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Remembering the Forgotten Ape

A Blog from IUCN Member, the Arcus Foundation. Read the full article, Remembering the Forgotten Ape: Conservationists Strengthen Efforts to Protect Endangered Gibbons.

May 9, 2024

Gibbons, with their melodious calls and acrobatic swings through treetop canopies, occupy a unique niche in ape conservation efforts. Due to their small size and elusive nature, they are far less studied and consequently less understood than other apes. This lack of information has significant conservation implications, especially as gibbons face severe threats from habitat destruction, illegal trafficking, and human encroachment.

Dr. Susan Cheyne of the Borneo Nature Foundation highlighted this fact during a presentation at the International Primatological Society conference in Kuching, Malaysia, last year. “[Gibbons] don’t receive the same amount of attention as the big apes. Gibbons are often unseen and forgotten. It’s difficult to come up with conservation action if we don’t know much about these species.”

Conservation efforts are particularly critical for gibbons. Of the 20 recognized species spanning 11 Asian countries, five are listed as Critically Endangered, 14 as Endangered, and one as Vulnerable on the most recent Red List of Threatened Species from the International Union for Conservation of Nature (IUCN). The most endangered of all apes, the Hainan gibbon (Nomascus hainanus) in China, numbers approximately 38 individuals.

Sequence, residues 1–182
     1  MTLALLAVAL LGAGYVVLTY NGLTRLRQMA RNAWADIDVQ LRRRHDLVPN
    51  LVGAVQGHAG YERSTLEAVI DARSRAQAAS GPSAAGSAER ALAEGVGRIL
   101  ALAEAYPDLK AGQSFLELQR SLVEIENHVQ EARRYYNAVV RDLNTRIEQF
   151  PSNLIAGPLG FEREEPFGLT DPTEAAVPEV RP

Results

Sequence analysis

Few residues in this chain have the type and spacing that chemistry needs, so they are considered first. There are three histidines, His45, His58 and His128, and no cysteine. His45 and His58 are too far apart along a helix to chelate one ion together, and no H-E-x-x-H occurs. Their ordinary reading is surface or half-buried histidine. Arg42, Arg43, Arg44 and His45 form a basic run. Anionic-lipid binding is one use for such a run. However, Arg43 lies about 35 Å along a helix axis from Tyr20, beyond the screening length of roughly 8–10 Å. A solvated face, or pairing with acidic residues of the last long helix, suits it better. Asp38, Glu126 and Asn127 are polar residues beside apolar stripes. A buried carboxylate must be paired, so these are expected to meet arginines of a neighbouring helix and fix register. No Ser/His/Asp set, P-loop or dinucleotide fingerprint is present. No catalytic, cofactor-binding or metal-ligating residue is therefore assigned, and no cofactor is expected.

Yet grantee and conservation partners are working to address information gaps and build partnerships to better protect these small apes. For example, conservation partners helped launch the Global Gibbon Network (GGN) with the aim of building awareness, knowledge, and resources for gibbon conservation. And members of the Idu Mishmi Indigenous community in India’s Dibang Valley declared in 2022 that 70 square kilometers of their ancestral lands be designated a community conserved area (CCA). “We plan to conserve, research, manage and use sustainably—in accordance with Idu Mishmi tradition, informed by scientific knowledge, and with an eye to our rapidly changing world,” the declaration states.

Read more about the challenges facing gibbons, their cultural significance for Indigenous communities, and the work being conducted to preserve these species by reading our latest blog, Remembering the Forgotten Ape, featured in our upcoming 2023 Annual Report.

Arcus Foundation

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